To fill the deficit, chemical fertilizers with nitrogen are applied to the soil by incorporation, into irrigation water, or by foliar feeding, repeated at intervals of 8-10 days.
Excess nitrogen also shows up on mature leaves at the base of the plant. The plants have thick, stiff stems, the foliage is strongly developed and has an intense green color. Vegetables and fruits have weaker taste qualities, pulp density and resistance to transportation and storage are reduced.
Phosphorus plays a primary role in plant metabolism, participating in the most important physiological processes. Gives plants resistance to drought, stimulates the development of the root system and promotes the process of fruiting and seed formation.
With a deficiency of phosphorus, the root system is poorly developed, the plants are small and develop poorly, branching is reduced, and flowering is delayed. To make up for the deficiency, the application of phosphate fertilizers or foliar top dressing is recommended. Excess is rare.
Potassium – determining the quality of the crop, affecting the development of the root system and the abundance of flowering. Increases plant resistance to adverse factors such as frost, drought, diseases and pests.
With a lack of potassium, plants yield worse crops, wither, sometimes lose leaves. The problem can occur if the pH is too low, or if there is too much calcium or magnesium. Potassium deficiency usually occurs in acidic soils with a light, sandy texture. An excess of potassium causes a deficiency of Ca and Mg.
Calcium is one of the main elements that favorably affects the growth of roots. Many factors can affect calcium uptake by plants:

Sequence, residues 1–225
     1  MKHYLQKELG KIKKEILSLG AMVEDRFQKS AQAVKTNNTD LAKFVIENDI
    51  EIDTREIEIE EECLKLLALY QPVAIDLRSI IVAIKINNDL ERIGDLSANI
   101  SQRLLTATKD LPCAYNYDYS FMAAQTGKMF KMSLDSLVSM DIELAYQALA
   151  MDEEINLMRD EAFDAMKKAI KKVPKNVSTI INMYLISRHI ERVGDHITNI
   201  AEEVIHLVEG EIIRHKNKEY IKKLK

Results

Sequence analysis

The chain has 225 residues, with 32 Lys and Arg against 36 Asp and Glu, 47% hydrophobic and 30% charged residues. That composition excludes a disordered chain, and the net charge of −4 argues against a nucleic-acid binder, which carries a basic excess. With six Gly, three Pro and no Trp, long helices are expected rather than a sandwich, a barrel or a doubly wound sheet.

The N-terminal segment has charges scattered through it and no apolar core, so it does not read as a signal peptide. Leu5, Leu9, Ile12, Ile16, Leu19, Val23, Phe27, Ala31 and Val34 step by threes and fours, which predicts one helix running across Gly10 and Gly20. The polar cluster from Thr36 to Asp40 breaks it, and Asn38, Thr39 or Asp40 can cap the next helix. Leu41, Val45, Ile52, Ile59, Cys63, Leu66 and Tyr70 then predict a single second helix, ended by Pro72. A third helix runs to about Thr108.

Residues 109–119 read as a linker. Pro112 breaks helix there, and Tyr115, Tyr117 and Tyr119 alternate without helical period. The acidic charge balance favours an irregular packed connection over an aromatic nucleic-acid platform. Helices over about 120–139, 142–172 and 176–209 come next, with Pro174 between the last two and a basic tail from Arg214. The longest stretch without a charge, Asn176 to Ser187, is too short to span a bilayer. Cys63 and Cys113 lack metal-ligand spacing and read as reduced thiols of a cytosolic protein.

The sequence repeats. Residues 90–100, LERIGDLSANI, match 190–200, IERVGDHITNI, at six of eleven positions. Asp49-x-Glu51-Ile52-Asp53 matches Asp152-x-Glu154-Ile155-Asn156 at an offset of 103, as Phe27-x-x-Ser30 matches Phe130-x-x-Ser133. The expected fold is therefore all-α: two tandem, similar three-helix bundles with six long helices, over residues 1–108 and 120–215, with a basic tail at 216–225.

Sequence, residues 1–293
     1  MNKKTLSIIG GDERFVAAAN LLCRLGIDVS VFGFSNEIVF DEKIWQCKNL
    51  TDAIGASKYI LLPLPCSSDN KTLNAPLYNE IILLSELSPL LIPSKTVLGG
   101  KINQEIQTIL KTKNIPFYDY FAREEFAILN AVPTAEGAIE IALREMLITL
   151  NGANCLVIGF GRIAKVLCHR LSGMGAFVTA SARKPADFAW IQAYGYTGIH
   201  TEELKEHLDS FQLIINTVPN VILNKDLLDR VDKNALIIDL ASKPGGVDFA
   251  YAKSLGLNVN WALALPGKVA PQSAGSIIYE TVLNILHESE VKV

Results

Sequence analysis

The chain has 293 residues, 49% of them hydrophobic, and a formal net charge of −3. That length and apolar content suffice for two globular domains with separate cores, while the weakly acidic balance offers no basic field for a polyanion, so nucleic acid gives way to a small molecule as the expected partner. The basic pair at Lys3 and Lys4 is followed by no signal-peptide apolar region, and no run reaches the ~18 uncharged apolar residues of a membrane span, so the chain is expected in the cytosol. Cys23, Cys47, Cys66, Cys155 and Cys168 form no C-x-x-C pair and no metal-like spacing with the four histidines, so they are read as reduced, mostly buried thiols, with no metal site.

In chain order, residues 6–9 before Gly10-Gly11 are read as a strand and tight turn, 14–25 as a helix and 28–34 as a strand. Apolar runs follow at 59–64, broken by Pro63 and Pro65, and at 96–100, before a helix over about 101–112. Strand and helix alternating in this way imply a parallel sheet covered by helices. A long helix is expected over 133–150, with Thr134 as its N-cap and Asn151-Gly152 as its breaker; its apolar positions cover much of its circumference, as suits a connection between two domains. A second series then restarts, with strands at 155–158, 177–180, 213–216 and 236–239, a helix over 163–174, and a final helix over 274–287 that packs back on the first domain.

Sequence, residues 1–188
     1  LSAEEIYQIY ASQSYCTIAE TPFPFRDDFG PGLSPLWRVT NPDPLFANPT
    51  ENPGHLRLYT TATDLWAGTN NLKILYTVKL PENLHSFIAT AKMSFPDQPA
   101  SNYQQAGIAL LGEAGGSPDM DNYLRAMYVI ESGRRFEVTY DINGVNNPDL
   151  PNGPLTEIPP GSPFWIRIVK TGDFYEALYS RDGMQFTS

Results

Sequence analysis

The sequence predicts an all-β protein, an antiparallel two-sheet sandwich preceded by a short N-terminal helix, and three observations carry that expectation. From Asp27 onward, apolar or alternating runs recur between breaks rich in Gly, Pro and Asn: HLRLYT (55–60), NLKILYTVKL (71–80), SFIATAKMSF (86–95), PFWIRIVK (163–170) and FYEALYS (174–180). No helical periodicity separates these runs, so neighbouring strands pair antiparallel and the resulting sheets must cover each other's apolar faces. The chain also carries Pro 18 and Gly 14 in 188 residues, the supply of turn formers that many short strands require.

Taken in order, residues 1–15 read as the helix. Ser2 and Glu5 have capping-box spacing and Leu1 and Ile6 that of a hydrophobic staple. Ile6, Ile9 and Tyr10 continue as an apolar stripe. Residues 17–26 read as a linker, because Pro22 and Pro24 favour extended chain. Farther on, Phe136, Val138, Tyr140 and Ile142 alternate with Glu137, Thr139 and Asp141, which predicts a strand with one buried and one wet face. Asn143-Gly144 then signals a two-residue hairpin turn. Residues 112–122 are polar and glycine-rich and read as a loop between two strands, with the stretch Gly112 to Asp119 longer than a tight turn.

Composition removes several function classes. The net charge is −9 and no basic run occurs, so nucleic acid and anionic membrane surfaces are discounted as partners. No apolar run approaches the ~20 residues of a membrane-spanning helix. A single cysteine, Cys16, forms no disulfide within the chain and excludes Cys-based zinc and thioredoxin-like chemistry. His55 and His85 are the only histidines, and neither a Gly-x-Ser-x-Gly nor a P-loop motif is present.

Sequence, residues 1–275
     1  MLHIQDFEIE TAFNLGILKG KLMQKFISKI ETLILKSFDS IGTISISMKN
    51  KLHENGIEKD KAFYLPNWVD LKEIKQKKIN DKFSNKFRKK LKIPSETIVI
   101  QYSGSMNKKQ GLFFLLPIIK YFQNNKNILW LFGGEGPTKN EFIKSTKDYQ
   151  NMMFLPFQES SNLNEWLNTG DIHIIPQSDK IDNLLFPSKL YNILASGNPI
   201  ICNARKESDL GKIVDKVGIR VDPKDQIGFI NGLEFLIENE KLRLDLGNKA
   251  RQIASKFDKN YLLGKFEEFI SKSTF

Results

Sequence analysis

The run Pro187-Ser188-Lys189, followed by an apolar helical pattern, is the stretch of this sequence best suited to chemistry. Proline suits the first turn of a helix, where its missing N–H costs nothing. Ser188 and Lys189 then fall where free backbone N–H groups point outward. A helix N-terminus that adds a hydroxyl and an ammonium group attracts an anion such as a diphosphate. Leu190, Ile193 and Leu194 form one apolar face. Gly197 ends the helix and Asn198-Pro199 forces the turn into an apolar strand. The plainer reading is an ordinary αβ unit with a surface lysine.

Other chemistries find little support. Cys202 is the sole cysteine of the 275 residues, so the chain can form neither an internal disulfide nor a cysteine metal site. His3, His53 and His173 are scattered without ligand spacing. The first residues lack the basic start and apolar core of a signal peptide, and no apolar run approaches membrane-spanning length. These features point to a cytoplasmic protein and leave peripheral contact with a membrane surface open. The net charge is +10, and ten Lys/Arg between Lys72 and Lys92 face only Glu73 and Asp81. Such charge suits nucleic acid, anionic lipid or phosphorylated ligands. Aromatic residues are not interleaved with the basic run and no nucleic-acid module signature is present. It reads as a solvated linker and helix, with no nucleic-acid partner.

- high temperatures, low soil temperatures;
- excessive feeding with nitrogen, especially ammonia;
- insufficient or incorrect water supply;
- high levels of salts in the soil due to excessive fertilization of the soil.
Feeding with calcium fertilizers controls the lack of this element. With an excess of calcium, deficiencies of various elements occur: B, Mn, Fe, Mg, K and their characteristic symptoms.
Magnesium helps to strengthen cell walls and improves the absorption of other elements by plants, it is part of chlorophyll.
With a deficiency of magnesium, marginal chlorosis or interveinal spots of a mosaic appearance appear on the leaves. To prevent magnesium deficiency, regularly apply organic or chemical fertilizers with Mg and avoid excessive potassium fertilization.
Sulfur is an essential nutrient that activates many processes in plants. It is part of the glycosides that give a characteristic smell to mustard, onion and garlic plants.
Sulfur deficiency first appears on young leaves and gradually spreads to the base of the plant. Uniform yellowish-green or yellow chlorosis appears on the leaves. Insufficient supply of sulfur slows down growth or even stops it.
To prevent sulfur deficiency, organic fertilizers are periodically applied, the correct selection of nitrogen doses and the maintenance of appropriate moisture in the soil. Excess sulfur usually does not harm plants.
Among all trace elements, boron deficiency is the most common. It appears first on the tops of growth and young leaves. They curl, become brittle, and have uneven necrosis between the veins. Flowering is inhibited: buds, flowers and emerging fruits often fall off.
To prevent boron deficiency, it is recommended to add borax or boric acid to the soil. Natural fertilizers also have a beneficial effect. Avoid excessive amounts of lime additives on acidic soils and provide adequate soil moisture
Copper plays a role in the formation of chlorophyll, in seed germination, in increasing drought tolerance and in providing water to plants.
Copper deficiency especially appears on sandy soils, on soils with a high content of organic matter. High doses of N, P, Zn promote or increase copper deficiency. Deficiency of this element can significantly reduce the yield. Copper fungicide treatment may prevent deficiency. Excess copper is manifested by chlorosis on mature leaves.